Most professional photographers shoot with a full frame camera. This is because they offer key advantages over their smaller APS-C cousins including a better low light performance, improved image quality, increased background blur and no cropping of the lens’ focal length. However, as full frame cameras produce better images, the price tends to be more premium too. But fear not, we’ve put together a list of the 5 best value full frame bodies available today, to help you choose your next camera.
Canon EOS 6D
The 6D is Canon’s smallest and lightest full frame camera – weighing just 680g – making it well suited to travel. It sits below the 5D MKIII in their DSLR line up, and is touted at the perfect step-up body for those looking to move on from APS-C cameras. It comes with a 20.2MP sensor which is plenty big enough to make considerable crops, but this is the smallest resolution of any of these 5 best value full frame cameras. The sensor is paired with the powerful DIGIC5+ image processor, which gives the camera a very impressive ISO range of 100-25,600, which can be expanded to an ISO range of 50-102,400 – making it a strong performer in low light.
The 6D comes with a 11-point AF system sensitive down to -3EV and can shoot at a reasonable 4.5fps. On the rear is a 3.0” 1040k-dot LCD, and the camera comes with GPS, WiFi and is capable of recording Full HD video. The Canon 6D is one of the most affordable full frame cameras on the market, and is available from the Digitalrev store for £999.96.
The D610 is Nikon’s entry point to full frame shooting, and is the most affordable camera of its kind at just £875 online. It features a 24.3MP sensor – matching the resolution of the more expensive Nikon D750 – and is paired with the EXPEED3 processor, which is also used in Nikon’s flagship pro camera – the D4. This technological partnership gives the D610 a native ISO range of 100-6400, which albeit is fairly limited can be expanded to 50-25,600 to increase your shooting options in low light situations.
The camera features a 39-point AF system, 9 of which are the more advanced cross-type AF sensors. It can shoot at a fairly rapid 6fps and can also capture full HD video. On the rear of the body is a 3.2” 921k-dot LCD – also the same spec as the D4 – and comes with two SD card slots for overflow or backup capture. Tipping the scales at 760g it’s among the heavier DSLRs in this range.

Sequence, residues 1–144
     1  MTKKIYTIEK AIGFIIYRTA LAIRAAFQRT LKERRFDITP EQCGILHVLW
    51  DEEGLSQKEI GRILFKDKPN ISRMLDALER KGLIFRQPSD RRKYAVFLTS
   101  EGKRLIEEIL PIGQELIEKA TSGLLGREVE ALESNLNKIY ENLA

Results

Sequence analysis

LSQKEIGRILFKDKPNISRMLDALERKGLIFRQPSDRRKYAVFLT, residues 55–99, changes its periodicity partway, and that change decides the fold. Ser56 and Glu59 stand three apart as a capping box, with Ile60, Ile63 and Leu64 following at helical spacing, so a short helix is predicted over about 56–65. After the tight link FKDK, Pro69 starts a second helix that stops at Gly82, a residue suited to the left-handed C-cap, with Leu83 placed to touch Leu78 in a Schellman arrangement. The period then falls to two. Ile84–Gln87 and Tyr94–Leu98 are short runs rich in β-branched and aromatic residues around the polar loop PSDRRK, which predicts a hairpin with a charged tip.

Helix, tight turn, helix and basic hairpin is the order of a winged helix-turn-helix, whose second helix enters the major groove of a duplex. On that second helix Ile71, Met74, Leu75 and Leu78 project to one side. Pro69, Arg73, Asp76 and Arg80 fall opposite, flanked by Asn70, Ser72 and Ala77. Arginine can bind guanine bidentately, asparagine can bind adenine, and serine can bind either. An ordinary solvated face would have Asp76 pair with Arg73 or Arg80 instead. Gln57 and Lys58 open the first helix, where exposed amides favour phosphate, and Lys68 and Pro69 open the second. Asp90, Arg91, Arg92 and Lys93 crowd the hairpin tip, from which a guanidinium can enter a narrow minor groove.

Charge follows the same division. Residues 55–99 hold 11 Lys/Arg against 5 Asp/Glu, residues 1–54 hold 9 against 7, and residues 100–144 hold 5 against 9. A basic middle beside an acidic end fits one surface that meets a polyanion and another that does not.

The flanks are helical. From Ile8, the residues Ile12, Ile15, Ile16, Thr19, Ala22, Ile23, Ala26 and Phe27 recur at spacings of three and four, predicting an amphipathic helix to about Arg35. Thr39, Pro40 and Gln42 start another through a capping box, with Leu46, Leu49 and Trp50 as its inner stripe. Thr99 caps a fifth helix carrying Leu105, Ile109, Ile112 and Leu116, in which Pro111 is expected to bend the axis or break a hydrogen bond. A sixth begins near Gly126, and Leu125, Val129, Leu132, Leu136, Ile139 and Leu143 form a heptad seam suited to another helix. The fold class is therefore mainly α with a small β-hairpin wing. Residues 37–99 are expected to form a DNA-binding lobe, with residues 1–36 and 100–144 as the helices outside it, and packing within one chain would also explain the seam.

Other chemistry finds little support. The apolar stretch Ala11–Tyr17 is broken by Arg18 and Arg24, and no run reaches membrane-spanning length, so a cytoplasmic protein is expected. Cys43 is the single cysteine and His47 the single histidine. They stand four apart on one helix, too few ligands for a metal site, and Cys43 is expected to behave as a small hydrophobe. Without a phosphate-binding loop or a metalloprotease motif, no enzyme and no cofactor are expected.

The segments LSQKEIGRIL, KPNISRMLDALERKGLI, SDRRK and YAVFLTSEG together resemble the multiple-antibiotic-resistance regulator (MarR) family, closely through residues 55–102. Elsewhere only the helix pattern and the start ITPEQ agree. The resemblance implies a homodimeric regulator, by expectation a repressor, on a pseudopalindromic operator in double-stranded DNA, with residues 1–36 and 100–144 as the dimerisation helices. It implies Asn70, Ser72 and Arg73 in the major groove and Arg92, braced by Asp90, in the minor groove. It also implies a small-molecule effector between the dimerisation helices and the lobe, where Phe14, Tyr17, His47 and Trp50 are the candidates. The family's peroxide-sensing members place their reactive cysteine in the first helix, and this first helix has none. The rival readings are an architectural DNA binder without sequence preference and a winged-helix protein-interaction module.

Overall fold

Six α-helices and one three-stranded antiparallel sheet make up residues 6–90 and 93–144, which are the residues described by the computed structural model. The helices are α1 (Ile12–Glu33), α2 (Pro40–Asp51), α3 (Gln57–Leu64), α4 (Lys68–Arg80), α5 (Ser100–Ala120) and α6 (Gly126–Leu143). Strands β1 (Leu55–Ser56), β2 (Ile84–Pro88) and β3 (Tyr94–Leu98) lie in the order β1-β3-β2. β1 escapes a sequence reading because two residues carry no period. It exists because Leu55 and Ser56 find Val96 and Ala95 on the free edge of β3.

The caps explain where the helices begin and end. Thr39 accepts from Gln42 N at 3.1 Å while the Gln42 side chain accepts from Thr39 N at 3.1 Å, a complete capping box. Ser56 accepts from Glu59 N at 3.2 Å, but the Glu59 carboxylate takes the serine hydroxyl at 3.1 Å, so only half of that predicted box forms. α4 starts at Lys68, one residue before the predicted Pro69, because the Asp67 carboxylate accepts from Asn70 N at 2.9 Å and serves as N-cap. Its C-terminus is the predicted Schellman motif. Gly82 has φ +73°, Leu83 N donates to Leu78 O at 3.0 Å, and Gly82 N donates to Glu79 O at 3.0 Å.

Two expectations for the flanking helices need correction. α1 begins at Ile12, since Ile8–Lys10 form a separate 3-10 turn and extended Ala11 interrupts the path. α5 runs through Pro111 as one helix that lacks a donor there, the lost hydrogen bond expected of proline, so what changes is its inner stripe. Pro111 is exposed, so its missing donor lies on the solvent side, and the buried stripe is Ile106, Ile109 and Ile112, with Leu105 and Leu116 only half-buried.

The Sony A7II is the only mirrorless camera to make the cut of our best value full frame bodies, but what an incredible camera it is. As it’s a CSC as opposed to a DSLR, it’s much more compact than the competition and loads lighter too: it weighs just 556g. At its core is a 24.3MP sensor that comes with 5-axis image stabilisation technology, meaning you’re at much lower risk of encountering the blur of camera shake. As the image stabilisation occurs on the sensor, it works with any lens you use. The ISO is a very respectable 100-25,600, making it a good performer in darker scenes. The A7II lets you capture frames up to 5fps with AF/AE shooting with tracking, so your subject stays sharp using the 117 AF points across the frame.
On the rear of the dust and moisture resistant slender body is a 3.0” 1230k-dot tiltable LCD – making it easier to compose from awkward angles. The A7II also comes with NFC to instantly save shots to a smart device and WiFi for remote operation. Priced at £1134 on the Digitalrev store, this camera gives you a lot of bang for your buck.
The K-1 is Pentax’s flagship DSLR, and comes packed with a host of impressive specs. Nestled in its centre is a 36.4MP full frame sensor – the biggest resolution of our top 5 – and there’s no AA filter so images are super sharp. Just like the Sony A7II, the K-1 also features a 5-axis Sensor Shift image stabilisation system, which lets you shoot up to 5-stops slower without encountering camera shake: perfect for handheld shooting in low light. The sensor is partnered with a Prime IV processor, and this gives the K-1 a shooting speed of 4.4fps and an enormous ISO range of 100-204,800.
The body is both weather and dust resistant for added peace of mind, and comes with dual SD card slots to backup your images while you shoot. On the rear is a large 3.2” tiltable 1037k-dot LCD, making it easier to use creative compositions. The K-1 also offers Full HD video shooting and a 4K timelapse function. Tipping the scales at 925g it’s noticeably heavier than the others, and is bulkier too – but some folk prefer a bigger camera. The K-1 is available from the Digitalrev store for £1323.
The Nikon D750 offers many features found on more premium Nikon full frame cameras like the D5 and D810, but costs under £1160 which is great value for a camera of this calibre. It’s built around a 24.3MP sensor which is powered by the EXPEED 4 processor: the same engine at the higher resolution D810. It can shoot at a rapid 6.5fps and has a native ISO range of 100-12,800, which can be expanded to ISO 50-51,200 for ultra low light situations. For focusing there’s the highly regarded Multi-CAM 3500II FX 51-point AF system, and like the D810 also features the new Group Area AF mode, which lets you clump together AF points for more accuracy.
The 750g body is weather sealed so you can shoot without worry in damp conditions, and there’s dual SD card slots to expand your memory capacity or to capture a back up for added security. On the rear is a large 3.2” 1229k-dot LCD, and it’s tiltable too so you can easily compose accurately from high or low angles. The D750 also features WiFi and Full HD video capture.